Since its introduction to the world stage in 1983 through Professor Muhammed Yunus’ Grameen Bank (see www.grameen-info.org) in Bangladesh, microfinance has evolved into a key mechanism for individuals in poverty to step towards self-sufficiency. Under the Grameen Bank model, the bank provides financial loans to members of a five-person group of borrowers sequentially, dependent upon the commencement of repayment of the prior loan. The guarantee of repayment is derived not through any contractual term, but rather through group members’ reliance on and trust in one another.
Following the Grameen Bank model, numerous microfinance-related organizations have sprouted in various forms in the United States and throughout the world, at smaller, regional levels, and at larger, global levels. Kiva, self-described as the “world’s first person-to-person micro-lending website” (www.kiva.org), and ACCION USA, a microfinance institution that has lent over $132 million in over 20,000 loans across the United States (www.accionusa.org), are two key examples of such institutions. Indeed, while microlending occurs prominently in developing nations, where poverty rates are extremely high, this tool also is used in developed nations. For example, in 2009, Kiva launched a pilot expansion in the United States, allowing individuals anywhere to make small loans to entrepreneurs in the United States through the Kiva.org website. (See www.kiva/org/press/releases/release_20130114-20.)
The role of microfinance in creating opportunities for poor individuals to exit the cycle of poverty has been increasingly researched and tested. But can microfinance also be used as a tool to help disadvantaged, minority populations have a stronger voice in the political, economic and social spheres of their own democracies?
My journey to Budapest, Hungary, as part of the 2013 Marshall Memorial Fellowship, led me to an organization whose work informs this question. In Budapest, I had the opportunity to meet with György Molnár, Board Member of the Kiútprogram and senior research fellow at the Institute of Economics, Hungarian Academy of Sciences. I talked with him about the Kiútprogram (meaning “Way Out”), a pilot program intended to explore whether microcredit can serve as a mechanism to (1) improve the employment status of the Roma population in Central-Eastern Europe and if so (2) whether it can improve the “social and economic integration of the Roma,” as referenced in “Social microcredit, self-employment and Roma inclusion”, Kiútprogram, p. 5, at www.kiutprogram.hu. The Roma population in Hungary, a minority group living primarily in remote, relatively underdeveloped areas, is severely underemployed. According to the Kiútprogram, the Roma population’s exclusion from the labor market can be attributed to two factors: (1) the “systemic presence of structural disadvantages” and (2) the “social discrimination sustaining the structural disadvantages.” (“Social microcredit, self-employment and Roma inclusion”, p. 10.) A key conclusion derived from the pilot program was that the value of such a microcredit program must be measured not by activities, profitability, or return rates of intermediary microcredit organizations, but rather its success in job creation or its performance as compared to employment expansion programs. “Inclusive social microcredit”, distinct from traditional microcredit, is necessary to assist in the integration of the Roma population, requiring the provision of basic professional training opportunities, training in community development and networking, financial and business administration training, business network development, and state and European Union support, among other forms of support. Significantly, field workers must have a more substantial role than in traditional microfinance programs, including taking steps to counter discrimination faced by Roma individuals receiving loans, particularly regarding administrative requirements (ex. receiving necessary licenses).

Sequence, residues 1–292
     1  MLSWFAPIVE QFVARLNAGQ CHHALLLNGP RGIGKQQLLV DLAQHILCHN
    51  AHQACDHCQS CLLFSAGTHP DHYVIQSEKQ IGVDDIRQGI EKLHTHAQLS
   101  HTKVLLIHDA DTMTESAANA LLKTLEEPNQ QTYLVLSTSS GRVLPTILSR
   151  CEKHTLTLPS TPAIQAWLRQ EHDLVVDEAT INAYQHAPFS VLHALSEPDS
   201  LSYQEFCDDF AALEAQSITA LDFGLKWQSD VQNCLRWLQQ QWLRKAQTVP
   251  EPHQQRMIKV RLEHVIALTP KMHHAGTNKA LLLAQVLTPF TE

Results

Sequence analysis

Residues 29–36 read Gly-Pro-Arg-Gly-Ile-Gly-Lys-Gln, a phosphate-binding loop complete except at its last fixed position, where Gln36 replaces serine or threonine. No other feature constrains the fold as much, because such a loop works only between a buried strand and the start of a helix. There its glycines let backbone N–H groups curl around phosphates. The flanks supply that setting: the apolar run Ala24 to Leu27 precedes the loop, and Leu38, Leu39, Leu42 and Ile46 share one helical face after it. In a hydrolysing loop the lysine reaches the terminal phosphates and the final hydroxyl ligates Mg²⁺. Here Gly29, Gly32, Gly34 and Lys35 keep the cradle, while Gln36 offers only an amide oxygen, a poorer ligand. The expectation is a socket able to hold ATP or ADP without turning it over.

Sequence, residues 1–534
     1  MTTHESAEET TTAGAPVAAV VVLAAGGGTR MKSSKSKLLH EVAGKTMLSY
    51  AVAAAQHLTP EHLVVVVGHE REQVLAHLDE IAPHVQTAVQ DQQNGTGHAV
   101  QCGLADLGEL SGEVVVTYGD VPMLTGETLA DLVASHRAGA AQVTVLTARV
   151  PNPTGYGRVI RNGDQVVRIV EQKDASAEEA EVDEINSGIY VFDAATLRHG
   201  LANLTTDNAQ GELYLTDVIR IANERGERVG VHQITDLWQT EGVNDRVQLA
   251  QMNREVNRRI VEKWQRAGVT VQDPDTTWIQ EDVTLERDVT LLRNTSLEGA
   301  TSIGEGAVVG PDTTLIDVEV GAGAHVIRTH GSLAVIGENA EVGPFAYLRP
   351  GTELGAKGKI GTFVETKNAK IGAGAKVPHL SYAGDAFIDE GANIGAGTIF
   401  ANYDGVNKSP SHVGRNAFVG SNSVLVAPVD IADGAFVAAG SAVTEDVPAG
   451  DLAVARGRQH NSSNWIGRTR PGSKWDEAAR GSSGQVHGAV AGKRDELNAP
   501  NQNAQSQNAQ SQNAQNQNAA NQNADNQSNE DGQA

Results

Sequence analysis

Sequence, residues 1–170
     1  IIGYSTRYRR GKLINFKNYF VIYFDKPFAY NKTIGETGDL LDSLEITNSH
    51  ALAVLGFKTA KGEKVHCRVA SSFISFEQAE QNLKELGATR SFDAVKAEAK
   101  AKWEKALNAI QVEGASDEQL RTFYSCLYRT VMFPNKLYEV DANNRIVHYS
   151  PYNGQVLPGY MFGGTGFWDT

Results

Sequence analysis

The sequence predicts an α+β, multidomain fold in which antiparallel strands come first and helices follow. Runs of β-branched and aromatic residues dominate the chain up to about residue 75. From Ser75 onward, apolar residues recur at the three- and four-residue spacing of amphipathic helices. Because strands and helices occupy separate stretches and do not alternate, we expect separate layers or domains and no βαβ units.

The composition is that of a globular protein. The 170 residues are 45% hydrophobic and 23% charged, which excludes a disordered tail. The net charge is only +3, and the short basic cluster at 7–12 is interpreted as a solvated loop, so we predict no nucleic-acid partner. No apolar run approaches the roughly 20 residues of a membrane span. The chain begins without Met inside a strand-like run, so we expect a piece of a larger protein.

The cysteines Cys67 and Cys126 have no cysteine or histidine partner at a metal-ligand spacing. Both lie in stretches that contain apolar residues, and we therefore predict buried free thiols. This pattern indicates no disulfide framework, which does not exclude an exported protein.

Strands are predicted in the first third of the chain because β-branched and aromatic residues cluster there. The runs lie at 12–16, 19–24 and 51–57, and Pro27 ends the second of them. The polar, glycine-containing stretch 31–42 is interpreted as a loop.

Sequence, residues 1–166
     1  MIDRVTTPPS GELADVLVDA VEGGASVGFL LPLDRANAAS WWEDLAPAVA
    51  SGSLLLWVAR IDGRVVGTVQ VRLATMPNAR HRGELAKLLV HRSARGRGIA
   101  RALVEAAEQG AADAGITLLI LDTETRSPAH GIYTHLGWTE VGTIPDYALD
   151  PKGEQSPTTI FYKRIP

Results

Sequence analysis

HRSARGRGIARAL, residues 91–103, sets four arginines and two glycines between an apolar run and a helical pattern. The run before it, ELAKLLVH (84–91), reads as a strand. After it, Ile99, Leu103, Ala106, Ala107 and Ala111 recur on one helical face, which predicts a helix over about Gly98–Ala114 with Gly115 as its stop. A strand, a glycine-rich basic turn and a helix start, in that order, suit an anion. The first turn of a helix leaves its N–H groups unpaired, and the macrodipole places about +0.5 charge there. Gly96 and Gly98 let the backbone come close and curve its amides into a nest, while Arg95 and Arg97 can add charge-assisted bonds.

The findings of the Kiútprogram suggests that microcredit, coupled with resources for borrowers to establish social and economic networks and counteract discrimination, may be key to employment, self-sufficiency, and thus stronger voices in democratic societies of populations directly or indirectly excluded from the private employment marketplace. Because of institutional and social discrimination against minority populations, a barrier to capital and resources necessary for entrepreneurship is a global problem, this model may be appropriate for broad application in other parts of the world and in modified forms. For example, the lives of the Roma in Central and Eastern Europe might be linked to the lives of Muslims in Belgium, where I learned from a member of the Association Belge des Professionnels Musulmans that members of the Muslim population in Belgium, facing employment discrimination, increasingly are viewing entrepreneurship as an answer to their lack of access to jobs.
Yet the fight to strengthen the voice of minority populations in the social, economic, and political spheres of their societies does not stop at entrepreneurship. Government bodies still have a responsibility to establish legal frameworks and enforcement mechanisms to encourage integration of minority populations, whether new immigrants or minority populations who immigrated hundreds of years ago– if these countries truly aim to be democracies.
Vishali Singal, an associate in the Litigation practice at DLA Piper LLP, is a Spring 2013 American Marshall Memorial Fellow.